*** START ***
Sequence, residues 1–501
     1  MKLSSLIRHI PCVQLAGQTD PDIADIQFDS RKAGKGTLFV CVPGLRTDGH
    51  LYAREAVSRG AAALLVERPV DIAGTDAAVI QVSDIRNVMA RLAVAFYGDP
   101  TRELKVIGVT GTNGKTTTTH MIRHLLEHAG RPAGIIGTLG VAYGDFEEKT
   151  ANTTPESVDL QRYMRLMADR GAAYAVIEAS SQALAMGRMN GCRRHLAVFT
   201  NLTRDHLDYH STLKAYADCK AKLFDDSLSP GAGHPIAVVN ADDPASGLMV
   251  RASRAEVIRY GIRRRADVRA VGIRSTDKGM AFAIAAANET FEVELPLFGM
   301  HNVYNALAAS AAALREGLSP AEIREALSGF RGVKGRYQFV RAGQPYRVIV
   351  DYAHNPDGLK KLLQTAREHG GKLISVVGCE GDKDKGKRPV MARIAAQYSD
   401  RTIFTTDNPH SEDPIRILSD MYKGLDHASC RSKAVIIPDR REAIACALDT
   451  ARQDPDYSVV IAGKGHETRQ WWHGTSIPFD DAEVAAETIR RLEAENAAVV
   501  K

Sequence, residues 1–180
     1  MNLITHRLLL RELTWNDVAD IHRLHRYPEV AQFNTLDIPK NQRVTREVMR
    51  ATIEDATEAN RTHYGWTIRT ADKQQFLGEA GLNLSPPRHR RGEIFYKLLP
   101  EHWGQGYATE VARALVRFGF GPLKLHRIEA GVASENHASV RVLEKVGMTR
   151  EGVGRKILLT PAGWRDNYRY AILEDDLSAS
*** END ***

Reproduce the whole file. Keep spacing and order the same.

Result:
Sequence, residues 1–501
     1  MKLSSLIRHI PCVQLAGQTD PDIADIQFDS RKAGKGTLFV CVPGLRTDGH
    51  LYAREAVSRG AAALLVERPV DIAGTDAAVI QVSDIRNVMA RLAVAFYGDP
   101  TRELKVIGVT GTNGKTTTTH MIRHLLEHAG RPAGIIGTLG VAYGDFEEKT
   151  ANTTPESVDL QRYMRLMADR GAAYAVIEAS SQALAMGRMN GCRRHLAVFT
   201  NLTRDHLDYH STLKAYADCK AKLFDDSLSP GAGHPIAVVN ADDPASGLMV
   251  RASRAEVIRY GIRRRADVRA VGIRSTDKGM AFAIAAANET FEVELPLFGM
   301  HNVYNALAAS AAALREGLSP AEIREALSGF RGVKGRYQFV RAGQPYRVIV
   351  DYAHNPDGLK KLLQTAREHG GKLISVVGCE GDKDKGKRPV MARIAAQYSD
   401  RTIFTTDNPH SEDPIRILSD MYKGLDHASC RSKAVIIPDR REAIACALDT
   451  ARQDPDYSVV IAGKGHETRQ WWHGTSIPFD DAEVAAETIR RLEAENAAVV
   501  K

Sequence, residues 1–180
     1  MNLITHRLLL RELTWNDVAD IHRLHRYPEV AQFNTLDIPK NQRVTREVMR
    51  ATIEDATEAN RTHYGWTIRT ADKQQFLGEA GLNLSPPRHR RGEIFYKLLP
   101  EHWGQGYATE VARALVRFGF GPLKLHRIEA GVASENHASV RVLEKVGMTR
   151  EGVGRKILLT PAGWRDNYRY AILEDDLSAS